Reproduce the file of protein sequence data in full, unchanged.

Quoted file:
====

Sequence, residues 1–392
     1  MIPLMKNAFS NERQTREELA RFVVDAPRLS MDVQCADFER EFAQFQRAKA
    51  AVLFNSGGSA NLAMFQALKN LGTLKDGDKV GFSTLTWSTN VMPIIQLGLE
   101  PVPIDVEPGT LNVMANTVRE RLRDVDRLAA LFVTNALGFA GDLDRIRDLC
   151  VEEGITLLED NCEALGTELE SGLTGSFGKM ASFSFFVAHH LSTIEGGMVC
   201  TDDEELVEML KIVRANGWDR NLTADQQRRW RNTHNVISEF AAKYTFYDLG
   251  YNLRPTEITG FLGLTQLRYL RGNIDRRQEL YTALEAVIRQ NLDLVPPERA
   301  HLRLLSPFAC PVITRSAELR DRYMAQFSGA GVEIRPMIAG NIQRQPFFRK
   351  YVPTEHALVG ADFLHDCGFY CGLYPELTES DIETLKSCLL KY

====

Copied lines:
Sequence, residues 1–392
     1  MIPLMKNAFS NERQTREELA RFVVDAPRLS MDVQCADFER EFAQFQRAKA
    51  AVLFNSGGSA NLAMFQALKN LGTLKDGDKV GFSTLTWSTN VMPIIQLGLE
   101  PVPIDVEPGT LNVMANTVRE RLRDVDRLAA LFVTNALGFA GDLDRIRDLC
   151  VEEGITLLED NCEALGTELE SGLTGSFGKM ASFSFFVAHH LSTIEGGMVC
   201  TDDEELVEML KIVRANGWDR NLTADQQRRW RNTHNVISEF AAKYTFYDLG
   251  YNLRPTEITG FLGLTQLRYL RGNIDRRQEL YTALEAVIRQ NLDLVPPERA
   301  HLRLLSPFAC PVITRSAELR DRYMAQFSGA GVEIRPMIAG NIQRQPFFRK
   351  YVPTEHALVG ADFLHDCGFY CGLYPELTES DIETLKSCLL KY